As for England’s record in international competitions, given the love for the game there and the tradition it is surprisingly weak with the sole exception of the 1966 WC. They have never made it to the finals of the European Championship. That’s not a referee’s “whim.” That’s a fact.

BTW, we’re just exchanging opinions here. No need to refer to anyone’s as being silly. I finally saw the disallowed goal and it was correct to disallow it. John Terry was all over Ricardo in the six yard box. The call was correct, IMHO. FWIW I was pulling for England. I’m married to a Brazilian and they don’t pull for Portugal!


Eric Scharf 06.26.04 at 6:51 am

Soccer is not a sport for anyone who believes that justice is a human artifact, that talent, skill, preparation and teamwork should be and are frequently rewarded.

Soccer is best “enjoyed” when one is resigned to the overwhelming role played by such “impurities” as lousy refereeing, injuries, and fickle, fickle luck.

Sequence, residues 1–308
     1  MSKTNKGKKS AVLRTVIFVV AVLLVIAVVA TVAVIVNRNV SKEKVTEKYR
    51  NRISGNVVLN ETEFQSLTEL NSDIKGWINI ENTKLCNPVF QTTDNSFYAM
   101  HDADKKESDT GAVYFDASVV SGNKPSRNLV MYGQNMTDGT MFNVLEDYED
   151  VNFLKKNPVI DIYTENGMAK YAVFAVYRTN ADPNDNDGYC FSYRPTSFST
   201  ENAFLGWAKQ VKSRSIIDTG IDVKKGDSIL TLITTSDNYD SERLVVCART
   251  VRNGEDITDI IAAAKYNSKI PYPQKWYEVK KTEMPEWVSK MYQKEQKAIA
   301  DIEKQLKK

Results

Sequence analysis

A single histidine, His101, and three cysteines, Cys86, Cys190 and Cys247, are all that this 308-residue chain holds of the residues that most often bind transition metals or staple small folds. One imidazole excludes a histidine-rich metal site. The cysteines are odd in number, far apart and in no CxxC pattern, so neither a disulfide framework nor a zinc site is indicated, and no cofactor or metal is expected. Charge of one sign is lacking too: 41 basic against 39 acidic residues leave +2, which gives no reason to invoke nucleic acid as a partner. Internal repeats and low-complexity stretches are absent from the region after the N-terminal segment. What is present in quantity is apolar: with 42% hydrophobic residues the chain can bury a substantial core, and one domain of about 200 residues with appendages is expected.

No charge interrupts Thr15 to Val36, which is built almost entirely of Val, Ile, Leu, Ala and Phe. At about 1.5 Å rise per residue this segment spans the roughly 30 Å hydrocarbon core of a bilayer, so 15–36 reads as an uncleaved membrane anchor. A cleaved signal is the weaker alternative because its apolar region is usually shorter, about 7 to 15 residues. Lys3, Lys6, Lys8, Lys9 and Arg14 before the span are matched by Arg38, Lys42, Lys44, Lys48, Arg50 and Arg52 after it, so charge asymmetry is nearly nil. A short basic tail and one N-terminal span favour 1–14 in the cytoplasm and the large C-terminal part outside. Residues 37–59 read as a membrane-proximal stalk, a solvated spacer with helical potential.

Soccer is pre-Rational, for those with no ambition to either understand or improve the world. Tinkering with the offside rule or admitting television review of officiating would be sheer vanity; only Americans would indulge such hubris.


Ling 06.26.04 at 11:23 am

Randy, if your point about national playing styles is meant to be accompanied by a few beers, I’ll gladly accomodate your arguments. In return, however, (between sips, of course) try considering that erecting grand theories on why England was a “failure” in Euro 2004 (as opposed to Germany, Spain, Italy, etc? I note that the French players you mention above have played almost exclusively in these countries; can we now call them the leagues of failure?) on the foundation of a disputed referee’s call is, well, a bit s….., uh, unscientific?


Randy Paul 06.26.04 at 6:40 pm